After October 2015, all businesses that have not upgraded their payment processing equipment to be EMV chip card compliant may be responsible for paying 100% of any fraudulent credit card transactions – a liability that could put a small merchant’s livelihood at risk.
In our most recent Small Business Index, we asked ShopKeep customers if they felt prepared for the US EMV liability shift, the answer was an overwhelming yes. Of the 1,260 ShopKeep merchants surveyed, 62% said they plan on being prepared to take EMV payments, with technology that helps future-proof their business and practice safer credit card practices. However, this sentiment does not seem to be resonating with the rest of the small business community. In a recent chat with with Justin Guinn, retail market researcher at third-party POS system review site Software Advice, it was clear that small and midsize businesses still feel significantly unprepared for the EMV shift that’s about to sweep the nation. Here’s what we learned:
Your new EMV data point to the fact that adoption amongst the general small business community has been far and few between, especially when it comes to small retailers. What did you uncover?
“Our recent report on EMV adoption rates discovered that, with just a few weeks left until the deadline, 78% of SMB retailers aren’t yet EMV chip card compliant. We found that 13% and 11% of retailers are “extremely” or “very” confident they’ll be compliant by the October 1, 2015 deadline. However, the hard fact remains that the deadline is less than a month out and only 22% of SMB retailers are compliant.”
Did that majority of retailers give you any indication as to why they might not be EMV-ready by the Oct. 1st deadline?
“We surveyed retailers to learn why they’re not EMV-capable. Understandably, 34% of retailers said they don’t have the time to research or implement EMV technologies. Another third (33%) of retailers attribute their non-compliance to the EMV transition being too expensive. These top two reasons for non-compliance are to be expected from retailers who have a lot on their plates everyday. However, the potentially negative impacts from non-compliance can easily outweigh the spend necessary for the transition to EMV liability shift. In fact, with many point of sale providers and credit card processors offering incentives to upgrade, this is the perfect time to make the switch to EMV-capable technology. On top of that, surprisingly, nearly a quarter (23%) of retailers said EMV technology is ‘unnecessary.’ This is a little mind-boggling, given the potentially detrimental and expensive ramifications for non-compliant retailers. The concern with non-compliance is due to the shift in liability for covering fraudulent charges. While it’s traditionally been the card issuers and banks covering fraudulent charges, the liability will now be inherited by the least EMV-compliant party. In other words, once October 2015 hits, the entity (card issuer or retailer) that’s the least secure in its payment processing technology may be liable for fraud if a counterfeit card was used for the transaction.”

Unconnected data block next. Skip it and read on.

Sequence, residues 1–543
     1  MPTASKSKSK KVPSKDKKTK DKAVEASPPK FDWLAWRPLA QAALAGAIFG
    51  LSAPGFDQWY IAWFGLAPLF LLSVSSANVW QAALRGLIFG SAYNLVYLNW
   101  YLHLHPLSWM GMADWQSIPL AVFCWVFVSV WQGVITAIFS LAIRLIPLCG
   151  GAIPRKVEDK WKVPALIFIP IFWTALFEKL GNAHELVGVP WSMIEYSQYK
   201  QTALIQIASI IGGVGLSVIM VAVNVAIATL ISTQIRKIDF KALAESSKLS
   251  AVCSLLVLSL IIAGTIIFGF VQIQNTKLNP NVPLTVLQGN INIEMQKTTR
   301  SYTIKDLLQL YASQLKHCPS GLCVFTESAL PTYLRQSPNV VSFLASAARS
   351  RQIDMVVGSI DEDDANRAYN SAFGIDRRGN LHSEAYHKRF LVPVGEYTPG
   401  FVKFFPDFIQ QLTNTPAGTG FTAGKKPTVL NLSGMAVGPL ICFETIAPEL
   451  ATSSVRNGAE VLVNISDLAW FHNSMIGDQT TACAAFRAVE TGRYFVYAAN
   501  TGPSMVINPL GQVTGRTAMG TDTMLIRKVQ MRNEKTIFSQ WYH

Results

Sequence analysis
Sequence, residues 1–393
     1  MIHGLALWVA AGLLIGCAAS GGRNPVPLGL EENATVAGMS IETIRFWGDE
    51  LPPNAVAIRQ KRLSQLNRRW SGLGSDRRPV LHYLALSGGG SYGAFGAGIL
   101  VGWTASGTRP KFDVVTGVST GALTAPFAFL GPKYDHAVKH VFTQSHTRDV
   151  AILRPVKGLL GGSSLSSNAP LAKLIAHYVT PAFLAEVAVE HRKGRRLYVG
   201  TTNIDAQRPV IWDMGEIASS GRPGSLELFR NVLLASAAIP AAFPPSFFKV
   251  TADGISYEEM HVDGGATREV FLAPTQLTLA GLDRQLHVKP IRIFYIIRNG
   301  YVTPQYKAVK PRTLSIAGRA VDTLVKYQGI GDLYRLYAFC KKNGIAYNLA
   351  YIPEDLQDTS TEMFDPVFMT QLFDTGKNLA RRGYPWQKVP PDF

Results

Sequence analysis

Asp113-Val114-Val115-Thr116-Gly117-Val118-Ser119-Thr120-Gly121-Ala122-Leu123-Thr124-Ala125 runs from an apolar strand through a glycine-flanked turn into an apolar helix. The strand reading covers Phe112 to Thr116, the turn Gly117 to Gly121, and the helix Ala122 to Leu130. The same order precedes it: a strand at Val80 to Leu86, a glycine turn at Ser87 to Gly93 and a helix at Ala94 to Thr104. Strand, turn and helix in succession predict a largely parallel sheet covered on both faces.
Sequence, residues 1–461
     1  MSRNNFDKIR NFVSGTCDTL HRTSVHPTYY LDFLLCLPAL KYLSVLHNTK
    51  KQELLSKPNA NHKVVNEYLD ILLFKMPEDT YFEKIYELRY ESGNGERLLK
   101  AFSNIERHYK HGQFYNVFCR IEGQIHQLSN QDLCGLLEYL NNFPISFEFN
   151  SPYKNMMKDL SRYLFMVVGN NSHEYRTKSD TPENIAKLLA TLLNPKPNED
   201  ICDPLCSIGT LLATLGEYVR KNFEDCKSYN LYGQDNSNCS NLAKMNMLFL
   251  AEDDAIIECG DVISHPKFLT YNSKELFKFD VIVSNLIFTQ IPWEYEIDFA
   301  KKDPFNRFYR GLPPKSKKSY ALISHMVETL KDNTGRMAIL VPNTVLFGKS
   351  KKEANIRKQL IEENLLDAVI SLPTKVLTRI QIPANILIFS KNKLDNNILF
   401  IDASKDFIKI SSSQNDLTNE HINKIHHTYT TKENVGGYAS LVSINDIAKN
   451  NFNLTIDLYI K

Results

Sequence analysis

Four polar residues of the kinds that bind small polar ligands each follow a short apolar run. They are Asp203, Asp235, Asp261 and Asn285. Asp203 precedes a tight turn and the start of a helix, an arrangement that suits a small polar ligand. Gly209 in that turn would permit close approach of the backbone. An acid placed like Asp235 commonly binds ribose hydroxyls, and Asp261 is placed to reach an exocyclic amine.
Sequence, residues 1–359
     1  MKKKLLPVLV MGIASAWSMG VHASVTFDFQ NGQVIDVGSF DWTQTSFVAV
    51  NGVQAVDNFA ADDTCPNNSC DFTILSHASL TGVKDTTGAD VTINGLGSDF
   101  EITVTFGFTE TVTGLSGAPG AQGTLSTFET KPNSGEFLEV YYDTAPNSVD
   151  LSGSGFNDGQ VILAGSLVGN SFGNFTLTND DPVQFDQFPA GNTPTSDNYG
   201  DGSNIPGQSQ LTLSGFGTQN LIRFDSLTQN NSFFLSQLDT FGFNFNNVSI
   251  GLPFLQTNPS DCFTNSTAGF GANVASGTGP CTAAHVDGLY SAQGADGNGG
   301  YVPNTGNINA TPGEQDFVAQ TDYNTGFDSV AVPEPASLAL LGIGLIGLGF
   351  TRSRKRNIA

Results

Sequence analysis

Why do you think so many retailers say that EMV is “unnecessary” considering the EMV liability shift?
“It’s very surprising that so many retailers say EMV adoption is unnecessary. Non-compliant SMB retailers will risk negative financial impacts from potential chargebacks resulting from fraudulent charges. Perhaps the reason so many retailers are considering compliance unnecessary is because they don’t understand the liability shift. Over 20% of retailers said their “minimally” or “not at all” confident they understand the liability shift, and shockingly, 14% indicated they “don’t know about the shift”. Clearly retailers are still feeling a bit uninformed about the severity, or even the objectives of the shift.”
You also found that consumers themselves might be unprepared for the deadline. What specifically did you discover?
“On the consumer side of EMV chip card compliance, we found that 62% of US consumers still don’t have EMV cards. Retailers may see this as reason to put their pursuit of EMV compliance on the backburner, but I would suggest against that. Every day retailers spend unprepared is an additional day they risk being victimized by fraudulent card charges.”
If a retailer is a part of that 78% who are not yet EMV-ready, is there something they should do before Oct 1st?
“For those SMB retailers that still haven’t purchased EMV-capable point of sale system, it needs to be one of their top priorities. We understand that 34% of retailers haven’t adopted EMV because they don’t have time to research and implement the technology but this is no excuse. What many retailers do not realize is that the same technology that they are avoiding can free up a significant amount of time by streamlining business operations and enabling them with new payment technologies like Apple Pay, which speed up transaction time. We know from a recent small business report that 64% of retailers still don’t have a POS system in place. These retailers would be wise to use this transition to upgrade to an EMV-compliant POS system that will provide them access to emerging payment technology. Though compliance is an initial priority, it’s just the tip of the iceberg for the many benefits afforded by a proper POS system.”